Personal details of about 29 million Indian job seekers, including sensitive information such as their email, phone, home address, qualification, and work experience, among others were leaked on the dark web, according to cybersecurity intelligence firm Cyble. The data amounted to over 2 GB, and was posted by a threat actor (an individual or group who intend to disrupt security of another entity) in one of the hacking forums, the company said. Financial Express first reported this. The company has also discovered almost 2,000 compromised Aadhaar cards, and information on 1.8 million people from Madhya Pradesh in a similar forum (more on that below).

“We usually see this sort of leaks all the time, but this time, the message header got our attention as it included a lot of personal details – where most of the things are generally static such as education, address etc.” Cyble said in a blog post. According to screenshots shared by Cyble, the compromised data showed files from Delhi, West Bengal, Karnataka, Pune, Tamil Nadu, Bengaluru, Mumbai, Chennai and Ahmedabad, among others.

The company initially associated the compromise to a resume aggregator given the “sheer volume and detailed information”, but was later tipped off that the data could have originated from an unprotected elastic search instance. The same tip off also informed Cyble that the instance is longer available, and the company was investigating this claim. Elastic Search is an open source search engine which can index document files in diverse formats.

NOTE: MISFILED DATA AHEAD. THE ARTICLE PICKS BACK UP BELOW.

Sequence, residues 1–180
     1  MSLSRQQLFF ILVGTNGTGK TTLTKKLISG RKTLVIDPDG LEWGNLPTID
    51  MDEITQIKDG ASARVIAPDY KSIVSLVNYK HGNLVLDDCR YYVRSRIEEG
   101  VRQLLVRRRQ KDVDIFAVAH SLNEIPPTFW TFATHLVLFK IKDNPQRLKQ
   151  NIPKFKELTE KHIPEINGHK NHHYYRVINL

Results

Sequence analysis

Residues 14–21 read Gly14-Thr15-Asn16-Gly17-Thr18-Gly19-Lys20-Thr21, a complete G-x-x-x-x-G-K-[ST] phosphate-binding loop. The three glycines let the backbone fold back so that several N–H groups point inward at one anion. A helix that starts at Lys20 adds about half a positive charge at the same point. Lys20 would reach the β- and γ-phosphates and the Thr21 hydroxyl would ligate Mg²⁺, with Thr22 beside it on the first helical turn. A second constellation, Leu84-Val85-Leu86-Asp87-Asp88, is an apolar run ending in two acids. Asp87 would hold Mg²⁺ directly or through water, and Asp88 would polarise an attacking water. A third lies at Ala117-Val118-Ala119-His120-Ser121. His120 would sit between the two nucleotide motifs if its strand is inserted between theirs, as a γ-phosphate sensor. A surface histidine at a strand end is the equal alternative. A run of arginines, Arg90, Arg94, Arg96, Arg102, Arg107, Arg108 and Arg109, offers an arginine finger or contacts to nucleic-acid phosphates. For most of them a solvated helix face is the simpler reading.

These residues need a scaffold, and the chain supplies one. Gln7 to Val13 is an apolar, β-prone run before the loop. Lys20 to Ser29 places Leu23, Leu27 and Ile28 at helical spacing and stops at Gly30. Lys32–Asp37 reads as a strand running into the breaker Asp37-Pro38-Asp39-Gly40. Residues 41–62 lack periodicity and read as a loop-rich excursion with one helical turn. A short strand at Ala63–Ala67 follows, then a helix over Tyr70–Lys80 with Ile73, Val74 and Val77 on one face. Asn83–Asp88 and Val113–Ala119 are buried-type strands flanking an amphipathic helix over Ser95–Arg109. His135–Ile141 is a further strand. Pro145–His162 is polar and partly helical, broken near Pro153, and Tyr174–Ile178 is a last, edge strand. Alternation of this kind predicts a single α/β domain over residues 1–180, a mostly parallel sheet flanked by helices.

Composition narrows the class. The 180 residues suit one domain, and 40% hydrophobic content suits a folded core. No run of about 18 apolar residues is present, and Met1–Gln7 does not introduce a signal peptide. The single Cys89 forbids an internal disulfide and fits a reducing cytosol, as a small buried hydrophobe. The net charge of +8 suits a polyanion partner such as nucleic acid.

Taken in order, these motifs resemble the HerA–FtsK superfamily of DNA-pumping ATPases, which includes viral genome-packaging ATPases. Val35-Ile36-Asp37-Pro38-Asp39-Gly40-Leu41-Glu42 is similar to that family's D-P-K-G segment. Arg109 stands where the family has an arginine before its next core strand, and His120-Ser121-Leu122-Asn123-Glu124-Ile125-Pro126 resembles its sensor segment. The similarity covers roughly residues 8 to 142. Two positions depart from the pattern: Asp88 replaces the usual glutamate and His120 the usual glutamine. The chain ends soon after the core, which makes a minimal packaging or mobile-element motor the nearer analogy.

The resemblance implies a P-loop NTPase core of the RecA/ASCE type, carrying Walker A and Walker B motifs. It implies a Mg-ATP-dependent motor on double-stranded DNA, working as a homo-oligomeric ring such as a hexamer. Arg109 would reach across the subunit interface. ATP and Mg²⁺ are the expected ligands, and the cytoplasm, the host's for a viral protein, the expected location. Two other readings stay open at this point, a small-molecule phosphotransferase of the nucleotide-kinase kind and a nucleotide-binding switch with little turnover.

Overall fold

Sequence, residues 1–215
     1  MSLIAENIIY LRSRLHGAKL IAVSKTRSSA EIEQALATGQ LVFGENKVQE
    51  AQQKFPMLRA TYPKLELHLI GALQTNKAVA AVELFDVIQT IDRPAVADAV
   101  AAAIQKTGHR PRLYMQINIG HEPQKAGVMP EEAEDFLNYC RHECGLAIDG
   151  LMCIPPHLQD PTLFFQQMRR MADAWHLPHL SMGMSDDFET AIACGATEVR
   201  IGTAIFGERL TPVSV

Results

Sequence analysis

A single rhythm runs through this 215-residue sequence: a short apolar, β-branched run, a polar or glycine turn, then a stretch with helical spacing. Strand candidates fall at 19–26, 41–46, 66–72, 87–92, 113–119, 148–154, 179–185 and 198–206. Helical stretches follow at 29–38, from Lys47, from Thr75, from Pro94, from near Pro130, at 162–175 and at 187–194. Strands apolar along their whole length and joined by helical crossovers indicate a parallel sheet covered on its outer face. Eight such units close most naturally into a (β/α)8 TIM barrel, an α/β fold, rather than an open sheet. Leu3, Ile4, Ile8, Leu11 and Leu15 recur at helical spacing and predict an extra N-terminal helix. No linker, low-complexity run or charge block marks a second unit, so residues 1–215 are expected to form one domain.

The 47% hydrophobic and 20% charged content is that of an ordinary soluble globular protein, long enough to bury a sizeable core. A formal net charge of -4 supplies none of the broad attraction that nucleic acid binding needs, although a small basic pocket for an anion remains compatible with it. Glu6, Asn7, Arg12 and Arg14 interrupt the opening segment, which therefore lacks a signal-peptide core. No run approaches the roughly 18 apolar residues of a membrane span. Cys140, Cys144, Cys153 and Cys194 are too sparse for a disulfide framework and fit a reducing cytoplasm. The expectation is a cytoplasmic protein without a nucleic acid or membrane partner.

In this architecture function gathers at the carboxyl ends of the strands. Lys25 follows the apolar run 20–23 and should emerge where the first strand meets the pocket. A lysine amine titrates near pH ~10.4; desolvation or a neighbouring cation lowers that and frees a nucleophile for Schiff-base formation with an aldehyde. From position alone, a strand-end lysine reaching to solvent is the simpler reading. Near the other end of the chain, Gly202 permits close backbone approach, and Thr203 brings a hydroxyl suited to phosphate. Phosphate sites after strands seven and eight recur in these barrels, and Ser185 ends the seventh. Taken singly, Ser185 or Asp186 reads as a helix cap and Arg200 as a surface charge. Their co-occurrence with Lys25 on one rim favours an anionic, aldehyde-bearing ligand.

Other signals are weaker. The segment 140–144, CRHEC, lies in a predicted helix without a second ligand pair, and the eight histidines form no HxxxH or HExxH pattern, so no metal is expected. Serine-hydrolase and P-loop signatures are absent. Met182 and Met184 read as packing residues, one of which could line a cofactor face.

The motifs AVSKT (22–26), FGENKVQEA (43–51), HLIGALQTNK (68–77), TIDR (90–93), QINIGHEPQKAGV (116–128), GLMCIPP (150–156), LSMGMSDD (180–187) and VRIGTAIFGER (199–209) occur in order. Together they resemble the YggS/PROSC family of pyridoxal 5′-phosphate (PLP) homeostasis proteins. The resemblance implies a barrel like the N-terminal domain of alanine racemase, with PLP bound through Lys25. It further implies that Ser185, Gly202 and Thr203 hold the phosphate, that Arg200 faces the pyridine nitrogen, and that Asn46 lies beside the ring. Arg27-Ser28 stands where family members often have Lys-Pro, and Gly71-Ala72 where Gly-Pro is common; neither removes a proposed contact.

On Sunday, Cyble found close to 2,000 Aadhaar cards in one of the hacking forums, and said that given the file name the file seems to have originated in 2019. The company associated it with the threat actor who recently leaked data of 1.8 million of people from Madhya Pradesh. It isn’t clear when the data related to residents of Madhya Pradesh was leaked, but according to the Hindu, Cyble discovered the leak during its investigations into the jobseeker data. The report said that authorities have initiated investigations into the matter. We have reached out to Cyble for more information on this.

In April, Cyble had discovered more than 500,000 Zoom accounts put up on sale on the dark web and hacker forums. Credentials including people’s email address, password, personal meeting URL, and HostKey (a 6-digit PIN tied to a person’s Zoom account), could be purchased for less than a rupee, and in some cases, even for free.